Pubdate: Wed, 12 Sep 2012
Source: Spokesman-Review (Spokane, WA)
Copyright: 2012 Associated Press
Author: Matt Gouras


(AP) - A November ballot initiative asks voters to reject the 
Legislature's restrictive law and return to the original law enacted 
by voters in 2004.

HELENA  The Montana Supreme Court ruled Tuesday that restrictions on 
medical marijuana sales do not violate the constitutional rights of 
registered users or providers, overturning a lower judge's decision 
to block part of lawmakers' restrictive rewrite of state regulations.

The justices ruled that the portion of the 2011 state law that limits 
the number of patients per provider to three and prohibits those 
providers from making a profit does not violate the Montana 
Constitution's right to privacy or to pursue employment and health.

Last year, District Judge Jim Reynolds blocked four provisions of the 
law from taking effect.

Medical marijuana advocates had argued that the new law was an 
unconstitutional violation of registered patients' right to pursue 
good health and privacy, while also violating the providers' right to 
pursue employment. The plaintiffs had asked the high court to expand 
Reynolds' decision and block the entire state law.

But the Supreme Court said in its 6-1 decision that the Legislature 
was within its rights to gut the voter-approved initiative that 
brought medical pot to the state. The court said rights to health and 
privacy do not protect medical marijuana use.

"In pursuing one's own health, an individual has a fundamental right 
to obtain and reject medical treatment. But, this right does not 
extend to give a patient a fundamental right to use any drug, 
regardless of its legality," the opinion by Justice Michael Wheat 
said. "Thus, we conclude, in pursuing health, an individual does not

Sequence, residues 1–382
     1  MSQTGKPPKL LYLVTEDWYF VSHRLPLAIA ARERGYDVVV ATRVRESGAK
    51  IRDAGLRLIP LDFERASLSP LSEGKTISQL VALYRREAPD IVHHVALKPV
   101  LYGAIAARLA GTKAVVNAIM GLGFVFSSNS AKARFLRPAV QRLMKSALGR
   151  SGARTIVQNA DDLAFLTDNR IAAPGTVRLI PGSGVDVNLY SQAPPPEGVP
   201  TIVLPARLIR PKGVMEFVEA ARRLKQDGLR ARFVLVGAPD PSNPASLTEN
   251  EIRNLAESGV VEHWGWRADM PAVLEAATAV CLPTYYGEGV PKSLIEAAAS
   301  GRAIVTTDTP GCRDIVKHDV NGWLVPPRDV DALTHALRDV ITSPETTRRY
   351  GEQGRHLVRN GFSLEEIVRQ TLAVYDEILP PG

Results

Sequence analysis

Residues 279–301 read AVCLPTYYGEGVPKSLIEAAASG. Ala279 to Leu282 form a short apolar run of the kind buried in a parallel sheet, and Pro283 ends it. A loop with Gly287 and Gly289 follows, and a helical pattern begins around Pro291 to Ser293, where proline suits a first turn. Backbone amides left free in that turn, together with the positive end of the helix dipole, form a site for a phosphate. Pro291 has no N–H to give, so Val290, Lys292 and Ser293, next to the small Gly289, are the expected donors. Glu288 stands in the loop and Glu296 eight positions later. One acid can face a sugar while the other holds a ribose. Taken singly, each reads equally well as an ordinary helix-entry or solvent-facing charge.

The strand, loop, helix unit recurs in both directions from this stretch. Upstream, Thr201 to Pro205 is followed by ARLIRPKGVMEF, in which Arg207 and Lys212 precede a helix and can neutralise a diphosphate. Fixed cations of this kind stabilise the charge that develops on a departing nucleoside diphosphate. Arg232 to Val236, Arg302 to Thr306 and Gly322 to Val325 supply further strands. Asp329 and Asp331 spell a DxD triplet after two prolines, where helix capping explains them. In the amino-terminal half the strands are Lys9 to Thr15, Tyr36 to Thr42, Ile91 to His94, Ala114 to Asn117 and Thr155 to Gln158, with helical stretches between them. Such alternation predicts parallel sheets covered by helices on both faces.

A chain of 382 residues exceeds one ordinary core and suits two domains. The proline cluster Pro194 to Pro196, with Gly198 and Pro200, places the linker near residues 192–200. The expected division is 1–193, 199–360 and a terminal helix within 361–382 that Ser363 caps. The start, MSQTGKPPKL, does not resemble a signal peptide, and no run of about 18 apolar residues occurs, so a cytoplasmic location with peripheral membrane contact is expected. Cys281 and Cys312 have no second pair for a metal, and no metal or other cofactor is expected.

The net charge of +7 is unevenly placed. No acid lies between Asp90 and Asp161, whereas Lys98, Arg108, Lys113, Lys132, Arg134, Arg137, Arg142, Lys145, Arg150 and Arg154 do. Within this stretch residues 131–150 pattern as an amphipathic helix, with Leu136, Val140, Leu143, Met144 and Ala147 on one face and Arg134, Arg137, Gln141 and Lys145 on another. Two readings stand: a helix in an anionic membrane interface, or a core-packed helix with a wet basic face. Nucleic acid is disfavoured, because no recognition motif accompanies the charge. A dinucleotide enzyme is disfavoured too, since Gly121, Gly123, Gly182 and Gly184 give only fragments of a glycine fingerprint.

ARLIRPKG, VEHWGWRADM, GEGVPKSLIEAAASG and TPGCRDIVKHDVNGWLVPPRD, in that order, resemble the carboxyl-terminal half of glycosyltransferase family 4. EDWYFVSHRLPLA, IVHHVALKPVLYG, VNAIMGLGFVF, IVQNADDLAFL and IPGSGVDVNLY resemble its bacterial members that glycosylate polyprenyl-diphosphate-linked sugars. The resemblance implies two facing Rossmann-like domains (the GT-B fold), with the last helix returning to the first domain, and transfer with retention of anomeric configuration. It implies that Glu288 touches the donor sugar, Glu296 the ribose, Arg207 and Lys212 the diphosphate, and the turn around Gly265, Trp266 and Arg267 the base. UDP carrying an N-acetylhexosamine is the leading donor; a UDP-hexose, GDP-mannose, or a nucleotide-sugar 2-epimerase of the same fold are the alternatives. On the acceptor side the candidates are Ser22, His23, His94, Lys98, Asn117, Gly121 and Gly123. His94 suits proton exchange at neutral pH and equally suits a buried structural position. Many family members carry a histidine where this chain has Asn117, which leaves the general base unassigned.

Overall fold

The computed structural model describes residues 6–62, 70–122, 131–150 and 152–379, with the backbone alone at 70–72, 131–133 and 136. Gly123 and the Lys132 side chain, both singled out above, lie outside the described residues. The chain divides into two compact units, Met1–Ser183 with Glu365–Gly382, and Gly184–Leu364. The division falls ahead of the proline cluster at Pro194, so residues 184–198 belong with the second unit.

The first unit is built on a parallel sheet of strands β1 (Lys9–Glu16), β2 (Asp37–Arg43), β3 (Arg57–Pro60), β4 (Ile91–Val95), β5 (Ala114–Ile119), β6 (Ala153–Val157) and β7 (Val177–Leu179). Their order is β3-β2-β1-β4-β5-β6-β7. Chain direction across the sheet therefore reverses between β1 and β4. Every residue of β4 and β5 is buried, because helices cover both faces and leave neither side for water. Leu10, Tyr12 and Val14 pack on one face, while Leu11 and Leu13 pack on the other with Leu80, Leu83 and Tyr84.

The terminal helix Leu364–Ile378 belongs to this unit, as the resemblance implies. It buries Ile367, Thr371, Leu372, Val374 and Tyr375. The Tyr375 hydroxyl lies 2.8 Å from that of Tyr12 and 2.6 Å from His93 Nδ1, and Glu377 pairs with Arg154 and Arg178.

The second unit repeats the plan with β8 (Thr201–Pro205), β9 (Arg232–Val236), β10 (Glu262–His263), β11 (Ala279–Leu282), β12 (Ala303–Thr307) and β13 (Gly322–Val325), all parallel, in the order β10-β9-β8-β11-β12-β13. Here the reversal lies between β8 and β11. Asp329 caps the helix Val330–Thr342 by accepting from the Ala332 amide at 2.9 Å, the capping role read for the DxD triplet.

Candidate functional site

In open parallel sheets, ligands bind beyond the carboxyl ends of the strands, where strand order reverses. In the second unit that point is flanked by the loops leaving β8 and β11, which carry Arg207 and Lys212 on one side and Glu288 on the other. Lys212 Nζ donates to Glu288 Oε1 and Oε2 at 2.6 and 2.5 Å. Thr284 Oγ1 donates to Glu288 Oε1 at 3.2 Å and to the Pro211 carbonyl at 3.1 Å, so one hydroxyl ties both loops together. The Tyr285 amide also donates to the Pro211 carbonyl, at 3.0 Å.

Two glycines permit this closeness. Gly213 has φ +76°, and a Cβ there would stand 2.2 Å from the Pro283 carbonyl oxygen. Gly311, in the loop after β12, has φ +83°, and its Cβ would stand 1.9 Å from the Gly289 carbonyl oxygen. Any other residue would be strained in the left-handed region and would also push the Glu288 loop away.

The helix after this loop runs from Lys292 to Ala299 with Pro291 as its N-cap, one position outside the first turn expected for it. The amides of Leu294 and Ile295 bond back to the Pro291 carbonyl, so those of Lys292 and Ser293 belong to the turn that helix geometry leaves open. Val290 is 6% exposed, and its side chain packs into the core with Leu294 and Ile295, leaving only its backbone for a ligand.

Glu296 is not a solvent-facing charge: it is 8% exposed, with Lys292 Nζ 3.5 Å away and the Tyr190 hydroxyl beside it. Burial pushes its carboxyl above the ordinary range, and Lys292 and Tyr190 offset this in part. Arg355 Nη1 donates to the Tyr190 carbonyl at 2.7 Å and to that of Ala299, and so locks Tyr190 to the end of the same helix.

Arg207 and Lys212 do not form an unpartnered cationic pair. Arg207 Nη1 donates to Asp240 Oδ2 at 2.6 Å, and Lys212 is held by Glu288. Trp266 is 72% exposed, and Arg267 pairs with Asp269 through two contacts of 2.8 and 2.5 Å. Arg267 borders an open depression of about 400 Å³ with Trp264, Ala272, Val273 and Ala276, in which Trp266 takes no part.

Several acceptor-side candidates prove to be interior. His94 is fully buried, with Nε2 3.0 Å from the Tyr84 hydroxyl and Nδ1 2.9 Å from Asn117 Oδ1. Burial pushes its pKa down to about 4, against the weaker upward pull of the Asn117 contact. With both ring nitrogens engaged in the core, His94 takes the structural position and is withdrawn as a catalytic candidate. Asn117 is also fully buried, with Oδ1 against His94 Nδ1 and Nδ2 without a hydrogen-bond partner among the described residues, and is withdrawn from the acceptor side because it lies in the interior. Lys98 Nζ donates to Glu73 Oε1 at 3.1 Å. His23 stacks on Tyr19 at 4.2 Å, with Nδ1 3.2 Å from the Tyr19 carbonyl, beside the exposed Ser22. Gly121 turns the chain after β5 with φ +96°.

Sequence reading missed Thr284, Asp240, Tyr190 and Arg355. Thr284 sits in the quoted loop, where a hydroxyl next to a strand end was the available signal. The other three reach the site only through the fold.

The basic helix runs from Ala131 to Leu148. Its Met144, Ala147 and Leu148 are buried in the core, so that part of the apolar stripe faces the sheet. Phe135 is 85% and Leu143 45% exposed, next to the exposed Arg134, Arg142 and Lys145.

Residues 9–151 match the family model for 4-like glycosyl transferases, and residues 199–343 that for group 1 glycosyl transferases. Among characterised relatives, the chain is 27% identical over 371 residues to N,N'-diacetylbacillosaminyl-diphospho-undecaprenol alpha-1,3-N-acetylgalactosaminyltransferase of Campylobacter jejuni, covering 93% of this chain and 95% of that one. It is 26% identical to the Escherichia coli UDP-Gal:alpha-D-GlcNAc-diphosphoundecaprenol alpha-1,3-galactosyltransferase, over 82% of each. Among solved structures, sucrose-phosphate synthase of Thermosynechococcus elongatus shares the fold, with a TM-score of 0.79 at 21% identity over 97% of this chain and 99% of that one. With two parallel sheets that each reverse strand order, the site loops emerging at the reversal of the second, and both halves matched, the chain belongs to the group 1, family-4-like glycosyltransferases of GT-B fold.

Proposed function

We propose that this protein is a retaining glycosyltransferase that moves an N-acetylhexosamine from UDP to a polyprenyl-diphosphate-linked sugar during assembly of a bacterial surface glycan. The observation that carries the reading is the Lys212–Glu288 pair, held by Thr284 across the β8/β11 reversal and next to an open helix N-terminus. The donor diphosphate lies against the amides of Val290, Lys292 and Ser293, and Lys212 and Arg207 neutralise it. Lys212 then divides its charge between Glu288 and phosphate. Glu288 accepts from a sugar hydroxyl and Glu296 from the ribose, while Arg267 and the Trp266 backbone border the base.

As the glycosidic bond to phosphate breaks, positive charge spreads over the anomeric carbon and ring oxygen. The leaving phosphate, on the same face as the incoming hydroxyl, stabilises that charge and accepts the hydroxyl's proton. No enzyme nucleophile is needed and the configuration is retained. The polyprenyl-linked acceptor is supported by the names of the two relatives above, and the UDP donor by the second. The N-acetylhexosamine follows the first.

have a fundamental, affirmative right of access to a particular drug."

The Legislature enacted the law as a reaction to public concern over 
the rapid growth of a medical marijuana industry that included retail 
storefronts, thousands of providers and tens of thousands of patients.

Even after Reynolds' decision, other restrictions in the state's 
crackdown remained in place. That, along with a decision by the U.S. 
Department of Justice to prosecute medical marijuana growers under 
federal law, led to a severe reduction in the state's medical 
marijuana industry.

Some aspects of Reynolds' decision were not challenged, such as his 
move to block a portion that allowed warrantless searches of medical 
marijuana premises.

The Montana Supreme Court returned the case to Reynolds for further 
review, telling him that the state law does not face the strict 
constitutional hurdles he had originally applied.

The high court said the state only needs to prove that its new law is 
"rationally related to a legitimate government interest."

The justices pointed out that medical marijuana is illegal under federal law.
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